What is an Advisor Fee?

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  • Written By: Malcolm Tatum
  • Edited By: Bronwyn Harris
  • Last Modified Date: 14 October 2018
  • Copyright Protected:
    Conjecture Corporation
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Also known as a financial advisor fee, an advisor fee is a fee that is paid by an investor to a financial professional in exchange for his or her recommendations on which load funds or other types of mutual funds to purchase as investments. The structure of the fee is based on several factors, including the amount of time the investor intends to hold on to the asset, and the share class of the investments involved with the fund. An advisor fee may also include a management fee if the investor wishes the financial professional to actively oversee the investment.

The purpose of the advisor fee is to reimburse the investment professional for the time and effort spent in evaluating possible investment options, based on the particulars provided by the investor. The advisor will consider how long the investor plans on holding the investment, the rate of return that is desired during that time, and the amount that the client can afford to invest in the mutual or load fund. Once the advisor has found several viable options for the investor to consider, he or she will go over each of the possibilities with the investor, taking care to point out both the potential returns as well as the risk levels associated with each option.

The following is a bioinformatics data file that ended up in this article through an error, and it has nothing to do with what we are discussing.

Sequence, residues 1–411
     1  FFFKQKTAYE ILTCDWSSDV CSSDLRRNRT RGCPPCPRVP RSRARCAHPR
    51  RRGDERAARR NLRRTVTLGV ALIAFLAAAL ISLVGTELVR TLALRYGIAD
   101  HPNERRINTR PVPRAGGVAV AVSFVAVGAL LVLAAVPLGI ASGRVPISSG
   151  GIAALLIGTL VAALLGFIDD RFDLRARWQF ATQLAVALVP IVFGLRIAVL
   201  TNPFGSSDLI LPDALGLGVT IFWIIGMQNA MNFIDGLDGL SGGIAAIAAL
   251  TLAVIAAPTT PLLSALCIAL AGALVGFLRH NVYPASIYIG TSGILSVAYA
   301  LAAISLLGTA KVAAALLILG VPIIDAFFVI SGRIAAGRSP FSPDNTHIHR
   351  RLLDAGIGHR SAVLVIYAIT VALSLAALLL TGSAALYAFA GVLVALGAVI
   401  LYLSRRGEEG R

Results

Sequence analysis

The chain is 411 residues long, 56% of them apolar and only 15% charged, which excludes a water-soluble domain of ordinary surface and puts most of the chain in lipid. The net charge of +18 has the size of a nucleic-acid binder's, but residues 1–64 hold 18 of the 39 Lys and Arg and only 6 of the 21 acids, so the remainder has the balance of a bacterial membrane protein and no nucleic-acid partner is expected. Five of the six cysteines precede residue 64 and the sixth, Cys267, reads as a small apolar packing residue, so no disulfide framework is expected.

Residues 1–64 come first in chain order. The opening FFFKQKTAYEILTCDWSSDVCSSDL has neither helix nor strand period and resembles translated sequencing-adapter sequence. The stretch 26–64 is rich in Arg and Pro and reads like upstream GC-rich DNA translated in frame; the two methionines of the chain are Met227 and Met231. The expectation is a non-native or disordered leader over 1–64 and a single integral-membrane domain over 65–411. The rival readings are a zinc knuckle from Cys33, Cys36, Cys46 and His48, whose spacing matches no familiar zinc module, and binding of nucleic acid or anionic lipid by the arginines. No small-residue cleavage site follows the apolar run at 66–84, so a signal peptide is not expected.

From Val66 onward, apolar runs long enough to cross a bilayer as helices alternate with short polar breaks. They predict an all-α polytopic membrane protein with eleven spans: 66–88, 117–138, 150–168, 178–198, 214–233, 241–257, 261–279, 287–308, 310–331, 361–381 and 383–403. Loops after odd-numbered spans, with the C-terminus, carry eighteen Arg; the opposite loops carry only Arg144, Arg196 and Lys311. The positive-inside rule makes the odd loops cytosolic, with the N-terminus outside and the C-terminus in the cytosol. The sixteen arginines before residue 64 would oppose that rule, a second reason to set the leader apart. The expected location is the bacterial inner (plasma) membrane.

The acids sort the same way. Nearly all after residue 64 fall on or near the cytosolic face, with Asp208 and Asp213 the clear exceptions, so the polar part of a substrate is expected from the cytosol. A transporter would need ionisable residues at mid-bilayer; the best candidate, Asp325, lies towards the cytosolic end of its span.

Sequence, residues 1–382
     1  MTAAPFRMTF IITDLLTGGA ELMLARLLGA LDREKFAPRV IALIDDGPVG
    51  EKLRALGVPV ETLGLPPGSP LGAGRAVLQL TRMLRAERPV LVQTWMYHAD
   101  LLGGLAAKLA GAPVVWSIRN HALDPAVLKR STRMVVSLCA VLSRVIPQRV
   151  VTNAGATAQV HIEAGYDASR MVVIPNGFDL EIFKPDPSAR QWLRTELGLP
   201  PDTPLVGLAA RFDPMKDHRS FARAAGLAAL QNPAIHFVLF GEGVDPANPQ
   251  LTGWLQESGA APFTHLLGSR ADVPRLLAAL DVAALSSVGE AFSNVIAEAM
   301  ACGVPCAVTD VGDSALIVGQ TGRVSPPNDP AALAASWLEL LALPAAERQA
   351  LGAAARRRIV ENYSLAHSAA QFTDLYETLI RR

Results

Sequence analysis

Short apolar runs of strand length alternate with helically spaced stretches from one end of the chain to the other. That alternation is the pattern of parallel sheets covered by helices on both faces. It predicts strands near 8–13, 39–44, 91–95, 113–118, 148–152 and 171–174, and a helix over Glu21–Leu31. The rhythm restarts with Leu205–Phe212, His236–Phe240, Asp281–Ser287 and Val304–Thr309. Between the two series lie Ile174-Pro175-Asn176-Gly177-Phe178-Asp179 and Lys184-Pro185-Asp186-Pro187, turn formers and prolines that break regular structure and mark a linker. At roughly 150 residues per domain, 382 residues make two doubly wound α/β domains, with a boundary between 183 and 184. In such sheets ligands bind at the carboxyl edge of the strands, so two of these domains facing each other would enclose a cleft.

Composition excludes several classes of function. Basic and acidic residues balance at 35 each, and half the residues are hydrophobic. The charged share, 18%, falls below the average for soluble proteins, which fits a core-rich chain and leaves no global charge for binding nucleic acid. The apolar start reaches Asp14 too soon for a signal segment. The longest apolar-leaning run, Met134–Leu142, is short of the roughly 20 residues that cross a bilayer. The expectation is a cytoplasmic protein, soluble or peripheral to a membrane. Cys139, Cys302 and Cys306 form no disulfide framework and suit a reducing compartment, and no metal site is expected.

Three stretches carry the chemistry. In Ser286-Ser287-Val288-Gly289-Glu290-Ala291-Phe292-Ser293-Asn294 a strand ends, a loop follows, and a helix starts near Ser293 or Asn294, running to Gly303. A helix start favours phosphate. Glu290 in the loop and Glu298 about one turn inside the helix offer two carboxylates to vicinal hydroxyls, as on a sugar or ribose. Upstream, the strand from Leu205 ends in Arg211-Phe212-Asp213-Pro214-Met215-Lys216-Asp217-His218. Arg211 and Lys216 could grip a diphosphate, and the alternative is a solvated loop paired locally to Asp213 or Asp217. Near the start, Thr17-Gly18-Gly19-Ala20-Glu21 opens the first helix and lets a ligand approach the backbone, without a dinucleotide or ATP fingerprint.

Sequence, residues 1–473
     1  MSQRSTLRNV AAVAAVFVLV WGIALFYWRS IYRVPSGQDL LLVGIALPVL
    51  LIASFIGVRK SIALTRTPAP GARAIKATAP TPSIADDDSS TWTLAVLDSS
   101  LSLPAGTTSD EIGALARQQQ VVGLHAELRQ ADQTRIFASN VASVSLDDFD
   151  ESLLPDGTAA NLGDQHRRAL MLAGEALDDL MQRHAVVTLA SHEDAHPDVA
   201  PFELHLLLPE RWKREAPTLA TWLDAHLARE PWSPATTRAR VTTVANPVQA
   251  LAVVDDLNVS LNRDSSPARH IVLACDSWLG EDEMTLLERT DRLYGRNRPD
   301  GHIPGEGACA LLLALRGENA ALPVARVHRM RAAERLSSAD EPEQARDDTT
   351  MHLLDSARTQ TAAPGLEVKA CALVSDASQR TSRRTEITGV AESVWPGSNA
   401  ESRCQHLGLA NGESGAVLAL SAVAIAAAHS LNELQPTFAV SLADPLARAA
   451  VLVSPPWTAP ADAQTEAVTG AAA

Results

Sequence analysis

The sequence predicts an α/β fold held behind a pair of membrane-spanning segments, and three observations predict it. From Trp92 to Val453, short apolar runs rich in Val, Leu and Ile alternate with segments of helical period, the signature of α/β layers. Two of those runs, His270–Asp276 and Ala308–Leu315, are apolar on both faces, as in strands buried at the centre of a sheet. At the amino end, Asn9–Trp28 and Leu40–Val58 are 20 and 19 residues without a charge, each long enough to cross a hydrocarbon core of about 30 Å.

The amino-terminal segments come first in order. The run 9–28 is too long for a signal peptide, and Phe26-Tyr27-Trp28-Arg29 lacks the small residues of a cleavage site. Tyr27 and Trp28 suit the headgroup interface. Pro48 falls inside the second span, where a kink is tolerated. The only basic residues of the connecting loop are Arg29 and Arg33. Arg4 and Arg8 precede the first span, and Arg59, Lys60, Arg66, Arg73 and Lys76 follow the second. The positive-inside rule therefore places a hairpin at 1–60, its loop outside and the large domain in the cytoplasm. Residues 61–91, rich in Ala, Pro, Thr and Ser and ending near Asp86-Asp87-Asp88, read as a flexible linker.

In some cases, the advisor fee is a one-time charge that is owed to the financial advisor. This is often the case when the intention is to hold the investment for a relatively short period of time. The typical amount of the fee will be around five percent of the value of the fund or funds purchased, unless there are any type of extenuating circumstances. Should the investor wish for the professional to be involved in the management of the investment, a monthly fee may be assessed. In situations where the intent is to hold onto the investment over the long term, the advisor may require an annual fee in exchange for looking after the investor’s interests.

Seeking the services of a qualified advisor is often a good strategy for newer investors, but seasoned investors may also find the expertise and knowledge of an advisor helps to minimize the effort required to find the ideal investment opportunities. While the advisor fee does represent an additional cost on the front end, selecting the right fund will usually result in returns that easily offset the advisor fee and allow the investor to realize a profit. Even if an investor already has some ideas on which funds to consider, having a professional advisor evaluate those funds is a wise move. Either the findings of the advisor will confirm the instincts of the investor, or bring to light information that the investor had not uncovered previously, allowing the investor to make an informed decision regarding the investment opportunity.



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